Beauty Parlours: Gender blind, gender ameliorative or gender-transformative?

Coming from India, when asked to evaluate livelihood activities I used to wonder why development agencies introduced beauty parlours.  After all, do not they not promote stereotypes that women should be 'beautiful' in the eyes of men. I used to ask agencies why do not you promote non traditional activities for women like driving, two wheeler mechanic, masonry etc.

The women who run these parlours explained to me

"Madam I get good income, more than by working in a super market. My household's basic needs are met, I am independent. My husband shouts less at me.  I agree women should not become commodities, but we can look good for ourselves too, no?

When I went to another place, there was opposition to poor women being trained as beautician in some districts. The opposition came from male traditional leaders, say beautification was against their religion. That is the activity became transformative, challenging authority of men in power over marginalised women. 

Thus evaluations need to keep context in mind during evaluations. Global checklists do not work. Evaluations also need to see the benefit to women, beyond the activity. Perspectives and lens of women matter!.

  

  

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Comment by Ranjani K.Murthy on May 11, 2016 at 20:08

Interesting, Vimala. It would be interesting to track the boys and girls' trajectories after they finished the beautician course.

Ranjani

Comment by Vimala Ramachandran on May 11, 2016 at 12:25

What is indeed interesting is that in 2 schools of Telengana (Model Schools) - while majority of students taking this course were girls, there were 5 boys in one school and 3 in another...

Comment by Ranjani K.Murthy on May 11, 2016 at 12:01

Thanks Vimala and Rituu. Yes, economic reasons for beautician training are important. I wish it were offered to male youth as well- as men go to beauty parlours too. I never realised that it had a radical connotation till it was banned by some male leaders in an area in South Asia. Thanks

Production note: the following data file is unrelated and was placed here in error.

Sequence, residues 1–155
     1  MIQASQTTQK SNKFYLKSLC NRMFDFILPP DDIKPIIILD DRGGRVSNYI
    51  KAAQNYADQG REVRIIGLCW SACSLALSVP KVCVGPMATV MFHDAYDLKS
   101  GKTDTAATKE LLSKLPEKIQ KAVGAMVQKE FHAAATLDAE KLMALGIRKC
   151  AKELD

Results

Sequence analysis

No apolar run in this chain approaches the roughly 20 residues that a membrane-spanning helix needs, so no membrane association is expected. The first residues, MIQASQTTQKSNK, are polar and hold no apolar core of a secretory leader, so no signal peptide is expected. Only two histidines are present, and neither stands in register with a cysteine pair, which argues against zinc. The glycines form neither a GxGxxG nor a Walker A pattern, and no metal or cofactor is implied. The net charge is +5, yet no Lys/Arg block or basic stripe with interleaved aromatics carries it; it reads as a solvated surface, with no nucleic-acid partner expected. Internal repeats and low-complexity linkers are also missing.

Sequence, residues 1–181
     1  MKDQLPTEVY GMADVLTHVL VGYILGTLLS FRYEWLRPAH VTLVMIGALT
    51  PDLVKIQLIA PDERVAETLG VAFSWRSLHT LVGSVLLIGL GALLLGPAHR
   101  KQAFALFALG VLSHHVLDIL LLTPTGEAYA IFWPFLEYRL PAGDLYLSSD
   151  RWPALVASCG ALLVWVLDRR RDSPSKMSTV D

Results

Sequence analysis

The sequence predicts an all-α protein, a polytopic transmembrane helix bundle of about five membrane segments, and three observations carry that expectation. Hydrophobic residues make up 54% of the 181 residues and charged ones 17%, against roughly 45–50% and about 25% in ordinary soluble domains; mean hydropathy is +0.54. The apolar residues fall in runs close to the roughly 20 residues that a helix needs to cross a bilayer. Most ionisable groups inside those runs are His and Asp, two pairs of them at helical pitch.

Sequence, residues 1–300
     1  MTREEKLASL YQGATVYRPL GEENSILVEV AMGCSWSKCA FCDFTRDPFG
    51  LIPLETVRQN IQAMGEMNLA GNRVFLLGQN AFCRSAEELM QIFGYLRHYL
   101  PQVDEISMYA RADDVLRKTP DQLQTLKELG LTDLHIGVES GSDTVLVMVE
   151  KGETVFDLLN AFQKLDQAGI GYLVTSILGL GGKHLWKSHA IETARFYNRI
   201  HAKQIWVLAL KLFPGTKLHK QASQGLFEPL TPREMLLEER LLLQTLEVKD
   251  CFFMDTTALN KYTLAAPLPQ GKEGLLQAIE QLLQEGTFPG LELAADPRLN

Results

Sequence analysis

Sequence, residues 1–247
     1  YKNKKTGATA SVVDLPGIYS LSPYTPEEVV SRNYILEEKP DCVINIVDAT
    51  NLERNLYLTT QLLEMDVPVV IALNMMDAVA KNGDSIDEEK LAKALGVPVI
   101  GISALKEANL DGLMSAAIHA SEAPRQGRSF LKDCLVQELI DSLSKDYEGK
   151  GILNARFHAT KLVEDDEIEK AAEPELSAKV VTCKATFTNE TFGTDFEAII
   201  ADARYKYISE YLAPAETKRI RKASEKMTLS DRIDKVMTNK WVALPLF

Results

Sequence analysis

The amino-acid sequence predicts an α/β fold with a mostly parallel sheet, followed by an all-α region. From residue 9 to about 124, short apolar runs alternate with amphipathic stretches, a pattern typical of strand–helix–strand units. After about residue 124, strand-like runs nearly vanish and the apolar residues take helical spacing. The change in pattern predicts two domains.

Comment by Rituu B Nanda on May 10, 2016 at 12:32

Yes, context is extremely important. Have facilitated both baseline as well as endline of a vocational training and livelihoods programme for girls and women. In this programme- beauty and culture was a popular course. However how many took it up as a vocation was another story. In rural areas, the girls said that not many in the village availed the services and what the villagers were ready to pay was peanuts. The option for the girls was to go to the city for work which their parents or husband often did not 'permit'. In case of semi-urban and urban areas we saw many of the girls and women take it up as a profession. It translated to economic independence and many could send their children to school and as they worked from home they did not need care and support for their children. Those who did could not set up their own beauty parlours often provided the services through visits within the neighbourhood. What about the literacy levels of the girls? Did it effect their work? one of the trainer said that basic literacy is important to read the labels of different cosmetics etc. However there was case of girl who can't read and write but from the photo on the cosmetic box buys and uses it on her clients. She is supposed to be very good at her work. 

Comment by Vimala Ramachandran on May 9, 2016 at 18:31

I agree with Ranjani. As long as the training leads to a steady and independent business, it is valuable. One needs to look at the context - including opportunities that exist in the area the women live in. I had a similar experience looking at vocational training in classes 9 to 12 - most schools in Telengana were offering beauty and wellness (including nutrition, yoga etc.) There is a huge marker for trained women - they said..

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